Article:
THE closure of a centre for mental health patients in Cheadle has been slammed as 'another nail in the coffin' for the town.
The Brandon Centre, at Cheadle Hospital, was shut down for the final time last week.
Services are now being switched to other venues in the town in a move that will save health providers £50,000.
But the decision was this week described as ‘bureaucrats putting pennies before the well-being of patients’.
The doors of the Brandon Centre were slammed shut last week – almost 12 months after the North Staffordshire Combined Healthcare NHS Trust first decided to close the facility.
The Trust confirmed staff were no longer working from the site and will now deliver group-based therapies at Cheadle Conservative Club or the Rethink charity premises in Bank Street.
However, the move has come as a surprise to North Staffordshire and Stoke-on-Trent Clinical Commissioning Groups.
The Centre has been repeatedly identified as a service townsfolk wished to keep within the hospital building during public consultation events.
The closure will mean 222 patients will now receive treatment on a ‘needs-led’ basis – either in their homes or at an agreed venue.
Trust staff will work more closely with volunteers ‘to further strengthen a recovery-based approach to care delivery and evidence-based practice’.
Ron Locker, spokesman for Cheadle Hospital Action Group, said: “The closure of the Brandon Centre is another blow to the town and certainly to the people who use it.
“We’re in free-fall – they are closing everything and Cheadle seems to be getting the brunt of all those closures.”
Health campaigner Ian Syme said changes to services would be a concern to local people, given the uncertainty surrounding the future of Cheadle Hospital.
He said: “If services for mental health users are to change it must be to improve those services for what is a vulnerable group of individuals.
“Improving access to services means locating them so they’re geographically accessible which of course means they need to continue being delivered in Cheadle.”
A spokesman for the Combined Healthcare Trust said: “As part of our continued commitment to a more community and recovery-focused model, we are working within communities to deliver care in an integrated way with our partners.
“We have explored the potential to co-locate our staff as part of our overall strategy for integrated neighbourhood working.
“We are working in even closer partnership with Rethink – a local mental health voluntary sector organisation that will enable us to continue to provide services to the local community in Cheadle and jointly support people on their recovery journey.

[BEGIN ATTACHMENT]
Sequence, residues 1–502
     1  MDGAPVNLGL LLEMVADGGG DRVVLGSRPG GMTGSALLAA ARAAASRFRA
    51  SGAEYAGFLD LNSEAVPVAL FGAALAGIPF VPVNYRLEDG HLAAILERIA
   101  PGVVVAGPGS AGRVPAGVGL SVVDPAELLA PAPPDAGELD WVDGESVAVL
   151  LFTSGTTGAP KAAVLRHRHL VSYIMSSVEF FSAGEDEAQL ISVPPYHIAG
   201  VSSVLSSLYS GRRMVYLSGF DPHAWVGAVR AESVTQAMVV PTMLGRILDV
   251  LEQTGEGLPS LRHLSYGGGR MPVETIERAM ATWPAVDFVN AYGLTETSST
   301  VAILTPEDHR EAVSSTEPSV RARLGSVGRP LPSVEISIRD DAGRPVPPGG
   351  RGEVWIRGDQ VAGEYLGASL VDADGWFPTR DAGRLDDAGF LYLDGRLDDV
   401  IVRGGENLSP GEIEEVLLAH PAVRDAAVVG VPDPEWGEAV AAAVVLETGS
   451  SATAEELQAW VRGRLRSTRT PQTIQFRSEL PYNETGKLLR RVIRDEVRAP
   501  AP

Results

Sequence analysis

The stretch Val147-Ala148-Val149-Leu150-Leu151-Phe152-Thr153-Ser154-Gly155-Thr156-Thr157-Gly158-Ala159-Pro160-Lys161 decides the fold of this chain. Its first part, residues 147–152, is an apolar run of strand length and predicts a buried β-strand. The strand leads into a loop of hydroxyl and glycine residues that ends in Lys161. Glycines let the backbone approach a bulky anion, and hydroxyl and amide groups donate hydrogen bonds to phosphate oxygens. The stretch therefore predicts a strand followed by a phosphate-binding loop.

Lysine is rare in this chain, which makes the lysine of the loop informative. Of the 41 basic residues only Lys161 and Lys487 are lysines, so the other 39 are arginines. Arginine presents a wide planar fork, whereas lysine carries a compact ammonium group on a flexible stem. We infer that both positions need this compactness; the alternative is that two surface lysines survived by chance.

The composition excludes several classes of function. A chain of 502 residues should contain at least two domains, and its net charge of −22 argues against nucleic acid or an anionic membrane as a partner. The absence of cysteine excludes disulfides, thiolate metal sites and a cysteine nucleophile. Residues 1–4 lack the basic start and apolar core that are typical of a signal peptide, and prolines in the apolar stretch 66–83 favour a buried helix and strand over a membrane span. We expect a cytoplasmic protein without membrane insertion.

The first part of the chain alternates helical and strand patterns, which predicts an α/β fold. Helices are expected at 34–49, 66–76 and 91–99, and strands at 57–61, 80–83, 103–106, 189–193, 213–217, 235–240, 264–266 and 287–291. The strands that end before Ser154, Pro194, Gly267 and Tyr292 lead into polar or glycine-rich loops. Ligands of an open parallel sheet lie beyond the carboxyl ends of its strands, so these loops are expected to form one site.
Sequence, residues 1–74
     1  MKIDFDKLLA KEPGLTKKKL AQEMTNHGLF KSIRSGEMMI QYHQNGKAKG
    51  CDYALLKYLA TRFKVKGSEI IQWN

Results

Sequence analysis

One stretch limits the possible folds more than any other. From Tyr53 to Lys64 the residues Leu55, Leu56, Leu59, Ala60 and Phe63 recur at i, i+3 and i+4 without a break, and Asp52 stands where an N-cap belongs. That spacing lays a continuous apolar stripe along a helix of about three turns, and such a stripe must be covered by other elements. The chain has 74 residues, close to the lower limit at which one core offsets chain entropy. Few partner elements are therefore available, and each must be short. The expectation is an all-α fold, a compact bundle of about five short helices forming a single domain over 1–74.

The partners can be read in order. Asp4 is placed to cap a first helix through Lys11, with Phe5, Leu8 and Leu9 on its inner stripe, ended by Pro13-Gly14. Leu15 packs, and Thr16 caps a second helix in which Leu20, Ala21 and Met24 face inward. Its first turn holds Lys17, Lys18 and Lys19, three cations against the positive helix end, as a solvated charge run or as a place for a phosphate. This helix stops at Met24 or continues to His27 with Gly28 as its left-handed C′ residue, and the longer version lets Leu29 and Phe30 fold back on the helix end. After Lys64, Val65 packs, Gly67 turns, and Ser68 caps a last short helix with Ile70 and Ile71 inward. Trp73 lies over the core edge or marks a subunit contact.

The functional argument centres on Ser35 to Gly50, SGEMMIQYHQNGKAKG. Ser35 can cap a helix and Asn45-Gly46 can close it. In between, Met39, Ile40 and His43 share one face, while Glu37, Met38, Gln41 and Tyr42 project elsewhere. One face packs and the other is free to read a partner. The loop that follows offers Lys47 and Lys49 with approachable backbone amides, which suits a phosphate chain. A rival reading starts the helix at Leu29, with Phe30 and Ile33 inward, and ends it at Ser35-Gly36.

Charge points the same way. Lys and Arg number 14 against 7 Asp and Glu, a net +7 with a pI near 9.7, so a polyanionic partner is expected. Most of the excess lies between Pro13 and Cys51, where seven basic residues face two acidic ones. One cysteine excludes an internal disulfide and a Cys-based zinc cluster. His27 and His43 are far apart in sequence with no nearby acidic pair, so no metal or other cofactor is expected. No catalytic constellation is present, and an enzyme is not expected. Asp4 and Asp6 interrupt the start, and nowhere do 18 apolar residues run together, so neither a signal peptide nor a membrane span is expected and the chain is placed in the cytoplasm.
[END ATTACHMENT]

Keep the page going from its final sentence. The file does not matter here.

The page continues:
“We have communicated with every service user, carers and GPs to ensure any changes do not have any negative impact on their care. Every service user will continue to receive the same service.
“As a result of this development, our staff are no longer based at the Brandon Centre.
“Our ability to co-locate teams will mean we can provide better access to a wider range of services and provide the very best care to service users and carers and this will continue to be our highest priority.”
However, Save Our Beds campaigner Julie Bull slammed the move.
She said: “I’ve received complaints from patients, their carers and relatives worried about the services moving out of town.
“Some patients have already been made to travel to Cheddleton, which is totally unacceptable.
“This is another key part of Cheadle Hospital being made redundant by bureaucrats putting pennies before the wellbeing of patients.
“The future of town health services is in dire straits if the Brandon Centre cannot be accommodated within a town the size of Cheadle.
“This is yet another nail in the coffin for town services but I am not surprised.”
A spokesman for the CCGs said: “The CCGs were not aware of the Trust’s decision to co-locate staff with partners as part of their strategy to integrate services.
“We will continue to ensure future provision of mental health services features as part of the work we are doing with local people to develop the future of local health services in Cheadle.”
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